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So, crate him then? That's definitely an option, but they will be highly offended (they are "dog people" who don't really know that much about dog behavior). Also, we go there, with the dogs for the holidays. We can bring the crate and keep him locked up, but it won't set well with the in-laws.
I know. The worlds full of "All dogs love me" folks. Lol. If you don't want the conflict, maybe board him instead of taking him.
 

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Such great advice by very knowledgeable people here on our board. I have learned a lot from hanging around here too.

I would just also add - do not let the breeder try and insinuate you did something wrong. We can always have "done better" in life with dogs, kids etc. Can't say for sure by reading your posts of course, but I don't see any evidence you did anything off the reservation enough socializing wise to have made an impact on what is sounding like genetic nerve issues. Though I am not super knowledgeable in pedigrees I know enough to say that one doesn't look like what I am use to seeing (we will leave it at that) and also that USUALLY the terminology "straight back" means run straight back to the car with your money. Even though ok, maybe a little more correction was in order beyond the word no, I am not pinning this on you :) So don't let someone pass the buck by acting like you ruined the perfectly well bred dog. I am 99.9% sure that is not what is happening here.

You seem open minded, caring, and you are taking heart to good advice. That, being black and white, and consistent all under the guidance of a breed knowledgeable trainer will be your formula for making your dog the best he can be and being able to manage what can only be managed.
 

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Don't wait UNTIL he is 'amped up'. A correction at that moment will aggravate him more. Try this after you studied and worked the prong collar without the presence of distractions. Once you and Titus are comfortable working with the prong collar, go out to places where you can expect LEASHED dogs, also called 'training opportunities'. Keep the distance far enough to make him succeed. As soon as you see that he sees the other dog (ears up, stiff body, closed mouth), you tell him "leave it" (make sure he knows the meaning of it) and turn away and work/play with him once he has calmed down. Be matter of fact, commands only, no sweet talk or grey noise in these situations, or telling people "he is friendly!" ;) . Ignore people because going into a discussion distracts you from the training.
Up the obedience and don't let him get away with anything. I don't believe so much on these secondary fear stages; too easy of an umbrella for adolescent antics. My breeder calls them 'knuckle heads' and rightfully so.
He is not ruined, just needs more training and leadership IMO.
 

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So, crate him then? That's definitely an option, but they will be highly offended (they are "dog people" who don't really know that much about dog behavior). Also, we go there, with the dogs for the holidays. We can bring the crate and keep him locked up, but it won't set well with the in-laws.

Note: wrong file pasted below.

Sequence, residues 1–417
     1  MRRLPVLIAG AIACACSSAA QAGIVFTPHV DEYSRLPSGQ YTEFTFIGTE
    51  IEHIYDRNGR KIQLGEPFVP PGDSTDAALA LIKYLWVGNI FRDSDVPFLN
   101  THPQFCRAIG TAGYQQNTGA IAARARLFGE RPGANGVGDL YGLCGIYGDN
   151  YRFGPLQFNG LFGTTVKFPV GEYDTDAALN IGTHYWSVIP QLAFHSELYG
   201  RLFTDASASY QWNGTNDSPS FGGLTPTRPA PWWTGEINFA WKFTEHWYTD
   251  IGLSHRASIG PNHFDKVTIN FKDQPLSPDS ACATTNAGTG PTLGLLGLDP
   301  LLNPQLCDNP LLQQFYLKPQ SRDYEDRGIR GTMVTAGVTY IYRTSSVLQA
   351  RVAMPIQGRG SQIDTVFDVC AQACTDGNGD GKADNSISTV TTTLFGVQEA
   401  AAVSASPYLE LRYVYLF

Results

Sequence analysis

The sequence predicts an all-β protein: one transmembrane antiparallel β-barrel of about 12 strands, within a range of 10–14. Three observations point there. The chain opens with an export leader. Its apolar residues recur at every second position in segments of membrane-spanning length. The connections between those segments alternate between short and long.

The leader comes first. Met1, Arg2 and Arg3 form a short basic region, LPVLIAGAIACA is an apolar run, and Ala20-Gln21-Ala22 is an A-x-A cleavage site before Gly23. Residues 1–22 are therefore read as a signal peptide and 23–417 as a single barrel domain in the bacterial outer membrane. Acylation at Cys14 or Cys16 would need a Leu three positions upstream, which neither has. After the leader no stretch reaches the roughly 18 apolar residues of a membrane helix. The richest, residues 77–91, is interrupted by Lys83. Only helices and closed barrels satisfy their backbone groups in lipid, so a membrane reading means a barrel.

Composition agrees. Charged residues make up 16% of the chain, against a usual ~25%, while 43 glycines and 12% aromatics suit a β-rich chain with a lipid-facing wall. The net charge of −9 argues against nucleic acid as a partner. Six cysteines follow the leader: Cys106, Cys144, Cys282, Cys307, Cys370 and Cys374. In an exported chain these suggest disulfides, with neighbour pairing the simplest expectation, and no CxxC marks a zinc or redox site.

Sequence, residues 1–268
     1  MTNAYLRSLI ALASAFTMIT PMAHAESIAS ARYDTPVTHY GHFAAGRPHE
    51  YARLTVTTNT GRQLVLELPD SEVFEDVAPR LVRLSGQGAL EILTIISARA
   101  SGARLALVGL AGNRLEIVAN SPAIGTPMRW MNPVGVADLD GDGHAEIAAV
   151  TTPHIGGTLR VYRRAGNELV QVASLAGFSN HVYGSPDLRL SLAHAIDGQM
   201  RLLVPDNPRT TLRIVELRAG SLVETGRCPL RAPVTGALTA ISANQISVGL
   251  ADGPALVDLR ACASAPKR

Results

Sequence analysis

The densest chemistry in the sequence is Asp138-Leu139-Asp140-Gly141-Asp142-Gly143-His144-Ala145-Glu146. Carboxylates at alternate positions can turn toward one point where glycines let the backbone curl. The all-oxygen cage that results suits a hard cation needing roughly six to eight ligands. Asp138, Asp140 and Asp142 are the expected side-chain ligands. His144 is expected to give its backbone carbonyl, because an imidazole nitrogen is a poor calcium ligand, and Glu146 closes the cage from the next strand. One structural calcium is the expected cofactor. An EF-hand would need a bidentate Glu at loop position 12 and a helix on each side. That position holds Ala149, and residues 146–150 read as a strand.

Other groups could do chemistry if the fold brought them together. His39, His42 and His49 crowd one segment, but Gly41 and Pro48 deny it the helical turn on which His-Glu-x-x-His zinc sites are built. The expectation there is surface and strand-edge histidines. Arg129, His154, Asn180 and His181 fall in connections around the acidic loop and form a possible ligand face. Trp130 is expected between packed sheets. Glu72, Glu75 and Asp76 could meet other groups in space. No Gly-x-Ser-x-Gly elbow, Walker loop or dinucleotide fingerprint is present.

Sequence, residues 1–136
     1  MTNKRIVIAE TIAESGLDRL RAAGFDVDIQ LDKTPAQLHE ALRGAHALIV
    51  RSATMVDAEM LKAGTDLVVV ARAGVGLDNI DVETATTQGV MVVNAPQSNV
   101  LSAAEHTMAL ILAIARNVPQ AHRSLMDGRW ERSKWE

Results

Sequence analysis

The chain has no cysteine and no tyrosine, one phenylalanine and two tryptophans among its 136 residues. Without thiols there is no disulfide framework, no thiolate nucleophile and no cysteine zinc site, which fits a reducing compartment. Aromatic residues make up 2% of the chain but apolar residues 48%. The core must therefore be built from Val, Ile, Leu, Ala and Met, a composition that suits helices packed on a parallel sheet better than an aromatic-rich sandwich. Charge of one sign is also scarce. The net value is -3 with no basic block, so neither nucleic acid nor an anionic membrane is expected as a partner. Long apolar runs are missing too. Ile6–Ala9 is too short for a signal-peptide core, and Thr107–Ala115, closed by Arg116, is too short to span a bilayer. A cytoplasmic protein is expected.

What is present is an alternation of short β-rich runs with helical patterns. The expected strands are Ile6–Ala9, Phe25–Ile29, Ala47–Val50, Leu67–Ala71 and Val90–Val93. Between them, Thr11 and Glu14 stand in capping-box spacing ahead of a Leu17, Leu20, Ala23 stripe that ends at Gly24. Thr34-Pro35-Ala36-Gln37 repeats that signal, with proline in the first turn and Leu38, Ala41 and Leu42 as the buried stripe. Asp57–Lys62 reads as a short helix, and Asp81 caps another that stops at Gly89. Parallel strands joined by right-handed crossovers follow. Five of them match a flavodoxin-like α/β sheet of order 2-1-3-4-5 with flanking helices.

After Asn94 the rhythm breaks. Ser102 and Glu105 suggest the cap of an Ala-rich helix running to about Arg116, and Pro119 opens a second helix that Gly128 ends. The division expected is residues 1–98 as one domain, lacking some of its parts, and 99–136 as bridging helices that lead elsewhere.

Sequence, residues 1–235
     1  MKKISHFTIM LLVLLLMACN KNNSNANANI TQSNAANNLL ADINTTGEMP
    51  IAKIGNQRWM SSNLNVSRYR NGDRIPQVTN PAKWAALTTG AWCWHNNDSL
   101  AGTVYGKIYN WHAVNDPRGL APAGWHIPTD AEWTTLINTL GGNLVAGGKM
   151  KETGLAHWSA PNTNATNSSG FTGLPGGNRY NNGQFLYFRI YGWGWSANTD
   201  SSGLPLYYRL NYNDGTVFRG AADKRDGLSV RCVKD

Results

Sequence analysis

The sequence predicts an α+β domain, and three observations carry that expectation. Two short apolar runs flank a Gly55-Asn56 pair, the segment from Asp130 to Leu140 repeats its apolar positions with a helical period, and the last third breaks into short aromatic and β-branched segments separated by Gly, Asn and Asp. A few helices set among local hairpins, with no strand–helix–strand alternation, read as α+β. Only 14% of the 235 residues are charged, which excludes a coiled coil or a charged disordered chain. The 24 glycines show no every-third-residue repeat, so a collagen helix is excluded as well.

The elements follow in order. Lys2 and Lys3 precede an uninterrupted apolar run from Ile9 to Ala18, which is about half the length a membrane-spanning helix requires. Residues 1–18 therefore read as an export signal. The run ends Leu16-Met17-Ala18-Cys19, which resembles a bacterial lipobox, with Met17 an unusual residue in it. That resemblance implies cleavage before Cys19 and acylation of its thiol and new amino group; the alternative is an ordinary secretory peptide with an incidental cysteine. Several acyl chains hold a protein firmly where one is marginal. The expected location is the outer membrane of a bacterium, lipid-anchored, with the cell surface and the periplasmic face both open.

You will have to learn to be firm with people especially family. “Dog people” doesn’t mean to me what it does to everyone else. It doesn’t mean they understand dog behavior. They may love dogs, they may have some experience, but they don’t have experience with your dog or your situation.

It’s coincidental, I was just planning to start a thread on types of dog lovers.
 

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Discussion Starter #26
Thank you, everyone for all the information and advice. I'll be doing a couple things differently, and see howit goes. He is pretty comfortable in the crate, unless I try to put him in when he's already amped up. I do 'pop' the flat collar when I say no, but I agree it's probably not enough. When he was younger and got to crazy with the kids I would grab his scruff and very firmly tell him no, and that usually stopped it. That doesn't work as well outside the house, and people don't like to see it. I guess it looks really mean, but I know I'm not hurting him a bit.
 

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Has someone said a correction is mean? Or are you assuming they think that, and does that keep you from correcting your dog? A quick correction that works is less mean than allowing a dog to continue to misbehave.

You said in another post your dog had pano. Did that interfere with socialization? Mine was bedridden a lot due to serious pano, which interrupted all our early training and time with strange people and dogs. Given that, we have had excellent results with him but it made all training more challenging.
 

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My in-laws think I'm really mean to the dogs, there have been serious disagreements because of that. So, yeah, I am more hesitant than I was. I shouldn't be. And yeah, the pano really interfered with early training and socialization. So did his extreme fear of riding in the car. He would throw up on even short rides. We can medicate him and go on rides now.
 

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On top of some really good advice already here, I'd like to stress the importance of absolutely black and white communication with fearful dogs, no matter what type of training you are doing.

I really like low level e-collar stim paired with rewards when working with fearful dogs. NePoPo is the term coined by Bart Bellon. It provides absolutely clear communication and any correction is behavior driven and doesn't come from your hands.

Fearful dogs take comfort in knowing what's going on and what's going to happen next. Obedience training is your friend here. It gives the dog a clear mission. Once you get obedience to commands like heel, leave it, place, down stay, here, kennel... You can control behavior. Once the unwanted behaviors are under control, the dog can see that following you makes life easy and that you are the one to handle the decision making.